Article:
Monday, September 29, 2008


So lots of things have happened since the last post.

Art of War- I had problems getting this to index in TML. After the document reached a certain size it simply disregarded the input. This problem wasted some of my time before i figured out that the text contained the word "Bibliography" in the middle of it. As it happens this is a termination condition in TML. I decided i might as well look for a new document if i'm going to start again.

I went to Project Gutenberg , this site is filled with books which are now in the Public domain, the texts came in plaintext format which made it easier to use. I chose Alice in Wonderland by Lewis Carrol because of the simplicty of the text it didn't seem to have any odd features like table of results or list of points or anything weird that could skew the results.

First thing i had to do was pre-process the text. Unfortunatley the texts had been preformatted an consistted of many extra new lines. What i needed to do was ensure each paragraph ended with a new line as this is how TML defined pargraphs. I noted that a real paragrph would consist of two newline chracters in a row. I used a search and replace technique to do this. I replaced all '\n' with a weird chracter like 'ð' then converted all the 'ðð' to a single '\n' the converted the remaining 'ð' to ' ' (space).

Next i created a small program to split the files up to create a corpus of documents that increased incrementally in size whereby the final document is the original document in its entirety.

Next i ran all these texts through the Benchmark test which measured the time of generating SVD, writing SVD, writing with Compression , reading SVD, Size of SVD and word Count. This took a loooooooong time over 24 hours!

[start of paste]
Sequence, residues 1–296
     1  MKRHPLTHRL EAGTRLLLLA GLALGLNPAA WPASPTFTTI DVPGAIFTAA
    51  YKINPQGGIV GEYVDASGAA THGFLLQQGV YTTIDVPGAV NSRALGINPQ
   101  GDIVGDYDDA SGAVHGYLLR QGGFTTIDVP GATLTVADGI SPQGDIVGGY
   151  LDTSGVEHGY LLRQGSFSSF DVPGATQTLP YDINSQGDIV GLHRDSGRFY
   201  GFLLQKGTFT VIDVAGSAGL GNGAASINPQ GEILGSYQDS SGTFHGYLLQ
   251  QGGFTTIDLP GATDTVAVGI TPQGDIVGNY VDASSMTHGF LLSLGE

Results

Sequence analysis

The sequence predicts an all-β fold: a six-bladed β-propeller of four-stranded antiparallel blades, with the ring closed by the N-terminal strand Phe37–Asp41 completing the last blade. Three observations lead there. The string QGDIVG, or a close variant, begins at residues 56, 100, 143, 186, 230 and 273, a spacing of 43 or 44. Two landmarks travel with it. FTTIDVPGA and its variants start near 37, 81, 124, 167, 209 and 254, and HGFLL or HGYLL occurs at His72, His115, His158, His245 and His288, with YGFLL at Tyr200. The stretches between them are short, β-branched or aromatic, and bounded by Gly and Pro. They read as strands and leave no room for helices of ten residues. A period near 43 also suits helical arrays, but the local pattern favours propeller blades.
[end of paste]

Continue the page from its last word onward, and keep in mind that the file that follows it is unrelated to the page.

Results showed many of the relationships expected. SVD grew linearly with Document Size, SVD generation grew polynomially whilst reading the SVD grew somewhat linearly. SVD size grew polynomially as well but suprisingly the GZIP compression also grew with the same complexity and was only slightly below the normal SVD. However writing the GZIP file was much more costly.

One thing of note was that even though the relationships were shown the word count had to be significantly large before the SVD generation was orders of magnitude above the process of storing SVD.

however some of that was last week right now i've been analysing the results and writing a bit of the thesis. Since real world documents at least regular assignments won't exceed 2000 words i created a subset of the Alice in Wonderland text to see what the performance is like when the word count is small. Even at this size document the SVD generation starts to rapidly overtake the other methods after 100 words.

That's all for now, i'll be having another meeting tommorow and will probably look into other documents

No comments: